A Week in Review: Biden’s First Days in Office


Victoria Weber, Reporter

Joe Biden’s inauguration brought an administrative overhaul of the United States government. On his first day in office, Biden signed a series of executive orders, including a mandatory requirement of face masks on federal property, a temporary halt to student loan payments until September 30th, 2021, a nullification of all official documents enabling the existence of the Keystone XL pipeline, an order to include undocumented Americans in the official U.S. Census, an end to travel restrictions from 12 primarily Muslim countries, and a stop to the construction of the wall at the U.S.-Mexico border. Biden also began the process of rejoining the Paris Climate Agreement, which Donald Trump removed the U.S. from in June of 2017. 

On Thursday, Biden began his first full day in office by mobilizing the Defense Production Act, which allows more government control over industries in times of crisis. The act also allows the federal government to create initiatives and government contracts in order to increase production of personal protective equipment (PPE) and ventilators. The administration has also placed a 60-day suspension on distributing permits for new oil drilling and oil and gas leasing. 

Biden signed a moratorium set to begin blocking all deportations for 100 days, starting January 22nd; however, the moratorium was soon temporarily barred by a federal judge due to an agreement between the state of Texas and the Department of Homeland Security. The agreement requires that the government notify Texas officials 180 days before any changes to immigration policies. 

Biden signed several executive orders on Friday, one of which advocated for food stamp benefits to increase by 15%, and has also proposed a 1.9 trillion dollar relief plan to Congress. But whether or not it will receive approval from the narrowly split House and Senate is uncertain. In any case, the new administration’s most pressing concern is the COVID-19 pandemic; however, nearly 70% of Americans approve of Biden’s plans to deal with the health crisis. Biden has criticized the distribution of vaccines, saying it has been, “a dismal failure so far.” 

It was announced Saturday that President Biden and Prime Minister of Canada, Justin Trudeau, plan to meet next month in order to discuss collaboration between the two countries on a number of issues, including addressing climate change, as well as cooperating efforts to deal with the ongoing pandemic. On the same day, the Biden administration demanded Russia release protestors who were arrested for hosting a demonstration in retaliation for the country’s arrest of opposition leader Aleksey Navalny. A spokesperson for the administration, Ned Price, stated “We call on Russian authorities to release all those detained for exercising their universal rights and for the immediate and unconditional release of Aleksey Navalny.”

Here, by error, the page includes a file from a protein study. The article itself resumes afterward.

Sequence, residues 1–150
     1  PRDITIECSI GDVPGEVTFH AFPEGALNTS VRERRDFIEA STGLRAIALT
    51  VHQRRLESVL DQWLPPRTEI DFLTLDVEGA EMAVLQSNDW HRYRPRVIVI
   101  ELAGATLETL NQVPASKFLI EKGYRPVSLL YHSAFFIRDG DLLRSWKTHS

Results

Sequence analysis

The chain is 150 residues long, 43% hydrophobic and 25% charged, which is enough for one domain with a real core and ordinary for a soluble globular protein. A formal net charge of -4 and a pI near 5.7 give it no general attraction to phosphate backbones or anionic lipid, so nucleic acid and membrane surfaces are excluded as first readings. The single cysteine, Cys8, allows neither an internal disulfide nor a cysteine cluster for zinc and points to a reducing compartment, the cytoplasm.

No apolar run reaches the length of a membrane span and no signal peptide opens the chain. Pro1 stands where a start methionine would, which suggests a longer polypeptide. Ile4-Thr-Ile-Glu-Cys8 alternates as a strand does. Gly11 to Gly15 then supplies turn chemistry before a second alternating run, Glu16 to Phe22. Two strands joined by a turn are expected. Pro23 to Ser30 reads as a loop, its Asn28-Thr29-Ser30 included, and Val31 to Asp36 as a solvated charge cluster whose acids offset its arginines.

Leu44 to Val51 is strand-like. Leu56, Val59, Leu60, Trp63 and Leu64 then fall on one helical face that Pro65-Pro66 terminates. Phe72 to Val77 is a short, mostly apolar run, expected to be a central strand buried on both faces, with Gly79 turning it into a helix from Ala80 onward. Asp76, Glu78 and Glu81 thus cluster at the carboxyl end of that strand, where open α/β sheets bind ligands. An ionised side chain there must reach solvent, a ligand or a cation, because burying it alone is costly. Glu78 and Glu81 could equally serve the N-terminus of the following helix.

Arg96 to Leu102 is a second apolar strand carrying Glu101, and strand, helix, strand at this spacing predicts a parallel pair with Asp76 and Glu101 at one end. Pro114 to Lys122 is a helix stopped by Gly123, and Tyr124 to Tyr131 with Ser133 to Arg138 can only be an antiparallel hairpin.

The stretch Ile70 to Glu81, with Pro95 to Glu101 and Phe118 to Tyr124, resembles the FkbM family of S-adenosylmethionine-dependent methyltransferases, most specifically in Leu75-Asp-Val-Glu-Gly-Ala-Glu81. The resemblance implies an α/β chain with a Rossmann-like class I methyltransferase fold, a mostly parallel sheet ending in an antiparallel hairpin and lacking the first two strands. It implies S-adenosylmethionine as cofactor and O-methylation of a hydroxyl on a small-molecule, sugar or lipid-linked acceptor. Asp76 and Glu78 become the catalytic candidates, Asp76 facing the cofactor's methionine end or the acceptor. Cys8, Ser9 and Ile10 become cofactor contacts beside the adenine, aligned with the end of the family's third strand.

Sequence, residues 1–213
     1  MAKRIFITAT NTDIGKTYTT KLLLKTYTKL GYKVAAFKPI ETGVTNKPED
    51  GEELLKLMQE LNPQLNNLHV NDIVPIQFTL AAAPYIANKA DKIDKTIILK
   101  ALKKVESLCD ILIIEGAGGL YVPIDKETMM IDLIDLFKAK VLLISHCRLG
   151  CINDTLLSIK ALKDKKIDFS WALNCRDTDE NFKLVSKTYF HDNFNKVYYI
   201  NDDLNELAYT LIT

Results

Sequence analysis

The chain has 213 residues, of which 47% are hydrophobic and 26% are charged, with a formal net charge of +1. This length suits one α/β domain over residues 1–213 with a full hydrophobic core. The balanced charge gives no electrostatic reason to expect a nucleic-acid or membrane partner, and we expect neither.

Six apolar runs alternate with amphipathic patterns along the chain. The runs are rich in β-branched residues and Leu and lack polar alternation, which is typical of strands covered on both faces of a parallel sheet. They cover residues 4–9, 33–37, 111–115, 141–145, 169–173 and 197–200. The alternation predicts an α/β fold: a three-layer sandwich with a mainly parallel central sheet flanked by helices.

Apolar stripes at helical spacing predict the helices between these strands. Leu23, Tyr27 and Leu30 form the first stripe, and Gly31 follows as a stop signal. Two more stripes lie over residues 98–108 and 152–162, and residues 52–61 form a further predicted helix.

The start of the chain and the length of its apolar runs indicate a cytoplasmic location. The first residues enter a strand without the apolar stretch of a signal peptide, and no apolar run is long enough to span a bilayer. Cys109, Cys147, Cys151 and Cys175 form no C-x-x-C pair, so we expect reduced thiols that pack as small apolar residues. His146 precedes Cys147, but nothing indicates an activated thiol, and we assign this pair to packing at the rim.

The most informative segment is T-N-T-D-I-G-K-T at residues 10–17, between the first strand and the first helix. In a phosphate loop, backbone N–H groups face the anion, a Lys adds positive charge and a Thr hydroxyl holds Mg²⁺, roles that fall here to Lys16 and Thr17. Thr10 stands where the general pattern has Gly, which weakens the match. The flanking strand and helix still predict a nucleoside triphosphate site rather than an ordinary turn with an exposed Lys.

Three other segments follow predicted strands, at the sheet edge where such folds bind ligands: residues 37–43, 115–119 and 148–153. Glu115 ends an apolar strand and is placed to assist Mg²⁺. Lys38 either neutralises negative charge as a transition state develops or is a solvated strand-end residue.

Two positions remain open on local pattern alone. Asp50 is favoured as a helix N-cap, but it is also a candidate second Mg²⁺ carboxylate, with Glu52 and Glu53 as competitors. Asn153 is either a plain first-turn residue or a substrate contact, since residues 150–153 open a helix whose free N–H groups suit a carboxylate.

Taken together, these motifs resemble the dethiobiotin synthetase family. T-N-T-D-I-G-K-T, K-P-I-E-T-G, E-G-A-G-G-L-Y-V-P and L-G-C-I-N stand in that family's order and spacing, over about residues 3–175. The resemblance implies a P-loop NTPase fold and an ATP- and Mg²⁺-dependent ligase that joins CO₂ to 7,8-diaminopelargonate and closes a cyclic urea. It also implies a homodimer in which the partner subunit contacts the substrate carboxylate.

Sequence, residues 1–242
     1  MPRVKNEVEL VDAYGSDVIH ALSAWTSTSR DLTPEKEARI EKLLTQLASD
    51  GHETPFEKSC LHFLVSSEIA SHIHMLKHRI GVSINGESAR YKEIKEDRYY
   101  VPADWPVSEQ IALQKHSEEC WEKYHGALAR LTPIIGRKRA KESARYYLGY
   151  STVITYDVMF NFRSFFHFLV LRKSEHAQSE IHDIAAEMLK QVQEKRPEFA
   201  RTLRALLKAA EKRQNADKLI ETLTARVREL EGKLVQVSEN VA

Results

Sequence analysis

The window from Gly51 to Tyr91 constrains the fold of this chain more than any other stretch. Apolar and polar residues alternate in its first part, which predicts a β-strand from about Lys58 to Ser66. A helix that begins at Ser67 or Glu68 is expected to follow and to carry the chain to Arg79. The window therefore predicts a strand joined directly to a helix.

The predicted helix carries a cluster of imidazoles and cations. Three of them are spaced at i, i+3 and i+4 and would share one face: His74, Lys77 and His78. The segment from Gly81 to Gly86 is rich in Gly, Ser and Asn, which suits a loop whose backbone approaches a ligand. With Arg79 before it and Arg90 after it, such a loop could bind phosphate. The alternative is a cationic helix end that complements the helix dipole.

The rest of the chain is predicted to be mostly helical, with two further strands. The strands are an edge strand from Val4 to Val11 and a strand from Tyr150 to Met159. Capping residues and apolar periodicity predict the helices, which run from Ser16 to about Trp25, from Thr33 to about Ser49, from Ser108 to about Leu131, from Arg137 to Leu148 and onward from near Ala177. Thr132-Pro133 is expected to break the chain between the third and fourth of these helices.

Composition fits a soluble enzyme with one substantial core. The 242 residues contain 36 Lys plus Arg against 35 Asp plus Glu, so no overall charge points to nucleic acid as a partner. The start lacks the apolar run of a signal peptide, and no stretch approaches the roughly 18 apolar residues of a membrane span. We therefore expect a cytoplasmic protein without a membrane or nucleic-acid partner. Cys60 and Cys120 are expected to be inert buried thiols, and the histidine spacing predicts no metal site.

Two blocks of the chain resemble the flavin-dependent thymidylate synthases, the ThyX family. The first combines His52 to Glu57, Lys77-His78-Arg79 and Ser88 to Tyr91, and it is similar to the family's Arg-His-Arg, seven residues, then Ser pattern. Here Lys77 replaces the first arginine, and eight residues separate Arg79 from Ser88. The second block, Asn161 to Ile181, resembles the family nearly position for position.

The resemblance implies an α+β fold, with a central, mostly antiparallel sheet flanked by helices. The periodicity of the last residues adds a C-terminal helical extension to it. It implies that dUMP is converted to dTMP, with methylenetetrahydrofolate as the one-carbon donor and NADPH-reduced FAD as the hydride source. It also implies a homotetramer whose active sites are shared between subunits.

Biden attended his first mass as President at Georgetown’s Holy Trinity Catholic Church on Sunday, January 24th. Biden is the second Catholic president of the United States, as the first was John F. Kennedy, who also attended Holy Trinity, the oldest Catholic church in Washington D.C.

Biden issued an executive order repealing a ban which barred transgender individuals from serving in the U.S. military on Monday, January 25th. Biden also instated travel restrictions on Brazil, the UK, and South Africa in order to address potentially deadlier strains of the COVID-19 virus.

The Senate confirmed Anthony Blinken as Secretary of State under the Biden administration on Tuesday, January 26th, and Biden ended contracts between the federal government and private prisons. The administration also ordered 200 million doses of the COVID-19 vaccine to be distributed by August 31st.

The first weekly public briefing of the White House COVID-19 Response Team began a week after Biden’s inauguration, with Dr. Fauci making an appearance. Biden also spoke with Yoshihide Suga, Japan’s Prime Minister, and in their first press conference, White House National Climate Advisor Gina McCarthy and Special Climate Envoy John Kerry discussed climate policies of the new administration.